Chip Ganassi Racing
Concord, North Carolina
NASCAR Sprint Cup Series
NASCAR Xfinity Series
United SportsCar Championship
Global RallyCross Championship
01. Scott Pruett / Joey Hand
8. Sage Karam
9. Scott Dixon
10. Tony Kanaan
83. Charlie Kimball
Sprint Cup Series:
1. Jamie McMurray
42. Kyle Larson
42. Kyle Larson / Brennan Poole / Justin Marks
00. Steve Arpin
38. Brian Deegan
8. NTT Data
9/10 Target Corporation.
83. Novo Nordisk
Sprint Cup Series:
1. McDonald's, Cessna/Textron, Sherwin-Williams
42. Target, Energizer
42. Parker Store
DC Solar Solutions
38. Rockstar Energy
|Debut||CART/CCWS: April 8, 1990 1990 Autoworks 200
Indycar: May 28, 2000 2000 Indianapolis 500
NASCAR (Winston/Nextel/Sprint Cup Series):
1989 Motorcraft Quality Parts 500 (Atlanta) (as SABCO Racing)
2001 Daytona 500 (Daytona) (as CGR/FS)
NASCAR (Busch/Nationwide/Xfinity Series): August 7, 2004 2004 Kroger 200 Presented by Tom Raper RVs (Previously SABCO Racing)
Rolex: January 31/February 1, 2004 2004 24 Hours of Daytona
USCR: January 25/26, 2014 2014 24 Hours of Daytona (First race of Rolex and ALMS being known as USCR)
CART/CCWS: November 17, 2002 2002 Gran Premio Telmex-Gigante Presented by Banamex/Visa (Leaves CART to enter Indycar full time)
Rolex: September 28, 2013 2013 Championship Weekend presented by BMW (Rolex united which ALMS to create USCR)
|Drivers' Championships||4: Champ Car
|Race victories||CART/CCWS: 39
NASCAR (Winston/Nextel/Sprint Cup Series): 18 (SABCO: 7, CGR: 6, EGR 5)
NASCAR (Busch/Nationwide Series): 7 (SABCO 1, CGR: 6)
Chip Ganassi Racing (CGR), also written as Chip Ganassi Racing with Felix Sabates, is an automotive racing organization with teams competing in the Verizon IndyCar Series, NASCAR, the TUDOR United SportsCar Championship, and the Global RallyCross Championship. It is owned by businessman Chip Ganassi. Felix Sabates co-owns the NASCAR and Rolex Sports Car Series divisions. Mike Hull and Teresa Earnhardt formerly had ownership stakes in the team. They have won 10 Open Wheel titles (4 in CART, 6 in IndyCar) and 5 Grand-Am championships.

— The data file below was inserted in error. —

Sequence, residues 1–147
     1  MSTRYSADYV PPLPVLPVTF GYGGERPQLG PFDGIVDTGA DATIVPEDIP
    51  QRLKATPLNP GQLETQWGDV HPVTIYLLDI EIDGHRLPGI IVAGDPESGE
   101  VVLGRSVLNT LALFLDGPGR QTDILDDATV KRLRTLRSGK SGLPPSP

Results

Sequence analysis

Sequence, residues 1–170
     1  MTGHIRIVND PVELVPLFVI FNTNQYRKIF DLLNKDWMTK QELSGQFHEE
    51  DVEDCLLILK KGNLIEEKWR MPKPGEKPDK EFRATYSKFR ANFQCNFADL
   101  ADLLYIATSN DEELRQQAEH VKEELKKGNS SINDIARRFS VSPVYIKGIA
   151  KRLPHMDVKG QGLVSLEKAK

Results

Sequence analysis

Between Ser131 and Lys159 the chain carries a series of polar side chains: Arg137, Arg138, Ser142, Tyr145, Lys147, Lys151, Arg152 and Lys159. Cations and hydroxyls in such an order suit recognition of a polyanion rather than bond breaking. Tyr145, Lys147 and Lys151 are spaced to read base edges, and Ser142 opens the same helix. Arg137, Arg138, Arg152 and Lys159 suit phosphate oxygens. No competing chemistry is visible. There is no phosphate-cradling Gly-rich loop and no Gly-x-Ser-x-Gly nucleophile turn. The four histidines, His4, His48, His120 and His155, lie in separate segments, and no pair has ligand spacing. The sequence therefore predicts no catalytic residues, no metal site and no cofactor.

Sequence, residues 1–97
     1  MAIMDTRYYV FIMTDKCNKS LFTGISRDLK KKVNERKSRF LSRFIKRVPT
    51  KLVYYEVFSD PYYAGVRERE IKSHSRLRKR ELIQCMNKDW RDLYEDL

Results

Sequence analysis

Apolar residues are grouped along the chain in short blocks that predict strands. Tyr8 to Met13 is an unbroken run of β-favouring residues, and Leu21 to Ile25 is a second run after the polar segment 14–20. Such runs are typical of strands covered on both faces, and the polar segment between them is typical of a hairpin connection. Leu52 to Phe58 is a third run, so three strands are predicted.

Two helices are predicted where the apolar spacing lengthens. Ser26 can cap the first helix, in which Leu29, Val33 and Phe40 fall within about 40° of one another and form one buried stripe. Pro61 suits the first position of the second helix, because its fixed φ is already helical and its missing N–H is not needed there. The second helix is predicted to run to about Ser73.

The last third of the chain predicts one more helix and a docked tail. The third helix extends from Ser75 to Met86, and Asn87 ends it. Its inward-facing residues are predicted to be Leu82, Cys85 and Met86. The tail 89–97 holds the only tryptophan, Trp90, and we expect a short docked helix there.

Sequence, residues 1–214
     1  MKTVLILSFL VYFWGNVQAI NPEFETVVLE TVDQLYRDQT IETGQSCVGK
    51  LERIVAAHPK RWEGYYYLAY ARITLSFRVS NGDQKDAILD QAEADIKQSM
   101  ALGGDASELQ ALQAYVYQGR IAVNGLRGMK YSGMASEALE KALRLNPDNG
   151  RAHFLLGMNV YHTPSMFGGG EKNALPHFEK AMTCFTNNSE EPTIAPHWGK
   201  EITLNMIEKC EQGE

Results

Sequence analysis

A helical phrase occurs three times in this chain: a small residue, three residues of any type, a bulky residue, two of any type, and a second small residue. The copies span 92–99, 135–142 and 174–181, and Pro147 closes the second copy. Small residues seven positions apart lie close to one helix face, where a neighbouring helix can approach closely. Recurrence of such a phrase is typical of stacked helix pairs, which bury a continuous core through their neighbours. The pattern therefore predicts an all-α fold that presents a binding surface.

The team, as it is currently constituted, was formed in 2001 when Ganassi bought a majority stake in Sabates' Team SABCO racing team. In 2008, Ganassi partnered with Dale Earnhardt, Inc. to merge their NASCAR operations into one team which was co-owned by Ganassi, Sabates, and Teresa Earnhardt and operated independently from the other operations until 2013 as Earnhardt Ganassi Racing. The NASCAR team reassumed the Chip Ganassi Racing name in 2014 and the Earnhardt family no longer is connected with the team. Sabates is not connected with the IndyCar team.
- 1 IndyCar
- 2 NASCAR
- 3 Partnerships
- 4 Grand-Am Series
- 5 Global RallyCross Championship
- 6 References
- 7 External links
- Eddie Cheever (1990–1992)
- Arie Luyendyk (1992–1993, 1997)
- Robby Gordon (1992)
- Didier Theys (1992)
- Michael Andretti (1994)
- Maurício Gugelmin (1994)
- Bryan Herta (1995)